Part or all of this page has been imported from the 1913 edition of Webster’s Dictionary, which is now free of copyright and hence in the public domain. The imported definitions may be significantly out of date, and any more recent senses may be completely missing.


First attested in 1449. From Latin abhorreō (abhor), from ab (from, away from) + horreō (stand aghast). Cognate with French abhorrer.



to Abhor

Third person singular

Simple past

Past participle

Present participle

to Abhor (third-person singular simple present Abhors, present participle abhorring, simple past and past participle abhorred)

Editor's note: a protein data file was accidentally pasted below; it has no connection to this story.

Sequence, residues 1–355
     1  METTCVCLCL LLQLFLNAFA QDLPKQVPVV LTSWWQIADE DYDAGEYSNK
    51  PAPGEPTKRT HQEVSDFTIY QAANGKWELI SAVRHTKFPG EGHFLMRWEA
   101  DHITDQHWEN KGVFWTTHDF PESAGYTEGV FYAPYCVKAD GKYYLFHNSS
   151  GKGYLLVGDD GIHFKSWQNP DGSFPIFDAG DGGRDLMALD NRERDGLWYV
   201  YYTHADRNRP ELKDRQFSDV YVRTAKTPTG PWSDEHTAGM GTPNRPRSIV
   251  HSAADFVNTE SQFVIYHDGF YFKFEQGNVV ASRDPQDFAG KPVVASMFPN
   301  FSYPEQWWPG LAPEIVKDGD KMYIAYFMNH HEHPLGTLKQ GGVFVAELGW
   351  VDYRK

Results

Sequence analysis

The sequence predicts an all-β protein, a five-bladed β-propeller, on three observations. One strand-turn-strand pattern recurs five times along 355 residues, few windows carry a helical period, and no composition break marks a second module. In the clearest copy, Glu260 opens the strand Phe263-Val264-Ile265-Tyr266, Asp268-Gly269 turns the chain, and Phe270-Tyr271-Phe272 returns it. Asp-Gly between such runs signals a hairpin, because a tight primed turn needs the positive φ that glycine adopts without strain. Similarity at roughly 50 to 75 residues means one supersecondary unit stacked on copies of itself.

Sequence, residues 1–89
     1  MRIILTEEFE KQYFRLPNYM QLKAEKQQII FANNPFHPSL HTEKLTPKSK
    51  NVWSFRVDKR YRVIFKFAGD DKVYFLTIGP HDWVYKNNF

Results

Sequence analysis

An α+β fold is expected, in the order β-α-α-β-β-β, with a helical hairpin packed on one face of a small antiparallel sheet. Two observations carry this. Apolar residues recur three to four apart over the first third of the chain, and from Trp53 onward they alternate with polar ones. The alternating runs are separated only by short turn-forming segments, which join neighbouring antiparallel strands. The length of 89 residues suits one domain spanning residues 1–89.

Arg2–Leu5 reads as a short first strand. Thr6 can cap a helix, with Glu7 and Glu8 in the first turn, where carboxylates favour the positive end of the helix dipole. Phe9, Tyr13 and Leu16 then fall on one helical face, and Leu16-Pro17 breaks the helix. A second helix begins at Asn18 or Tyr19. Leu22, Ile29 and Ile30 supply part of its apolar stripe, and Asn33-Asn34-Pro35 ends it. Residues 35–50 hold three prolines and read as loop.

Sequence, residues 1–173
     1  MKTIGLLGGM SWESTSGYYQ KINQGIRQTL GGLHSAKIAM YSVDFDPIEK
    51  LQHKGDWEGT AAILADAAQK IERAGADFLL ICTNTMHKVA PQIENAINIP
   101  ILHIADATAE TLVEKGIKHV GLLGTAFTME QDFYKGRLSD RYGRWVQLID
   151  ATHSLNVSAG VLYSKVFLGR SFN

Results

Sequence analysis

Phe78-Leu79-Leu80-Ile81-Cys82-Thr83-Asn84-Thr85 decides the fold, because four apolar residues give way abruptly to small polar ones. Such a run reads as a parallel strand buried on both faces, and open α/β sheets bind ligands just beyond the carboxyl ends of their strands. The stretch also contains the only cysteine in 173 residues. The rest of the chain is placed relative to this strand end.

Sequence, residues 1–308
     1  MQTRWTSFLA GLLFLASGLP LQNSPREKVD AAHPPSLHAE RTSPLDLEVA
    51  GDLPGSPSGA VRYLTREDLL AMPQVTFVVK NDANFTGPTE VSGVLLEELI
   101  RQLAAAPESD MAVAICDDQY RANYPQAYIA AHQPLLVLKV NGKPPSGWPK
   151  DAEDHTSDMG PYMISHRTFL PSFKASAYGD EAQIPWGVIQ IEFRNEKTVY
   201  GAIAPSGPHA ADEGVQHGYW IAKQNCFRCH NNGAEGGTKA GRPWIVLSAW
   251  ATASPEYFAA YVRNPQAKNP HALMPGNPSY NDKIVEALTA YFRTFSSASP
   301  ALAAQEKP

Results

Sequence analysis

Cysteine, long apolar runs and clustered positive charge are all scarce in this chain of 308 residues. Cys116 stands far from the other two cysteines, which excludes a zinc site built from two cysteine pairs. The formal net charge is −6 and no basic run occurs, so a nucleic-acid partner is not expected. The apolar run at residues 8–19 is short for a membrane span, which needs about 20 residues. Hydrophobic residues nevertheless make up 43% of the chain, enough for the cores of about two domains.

1. (transitive) To regard with horror or detestation; to shrink back with shuddering from; to feel excessive repugnance toward; to detest to extremity; to loathe.
    • Abhor that which is evil; cleave to that which is good. - Romans 12:9
  2. (transitive, obsolete) To fill with horror or disgust.
    • It does abhor me now I speak the word. - Shakespeare, Othello, IV-i
  3. (transitive, canon law, obsolete) To protest against; to reject solemnly.
    • I utterly abhor, yea, from my soul Refuse you for my judge. - Shakespeare, Henry VIII, II-iv
  4. (intransitive, obsolete) To shrink back with horror, disgust, or dislike; to be contrary or averse; -- with from.
    • To abhor from those vices. - Udall
    • Which is utterly abhorring from the end of all law. - Milton


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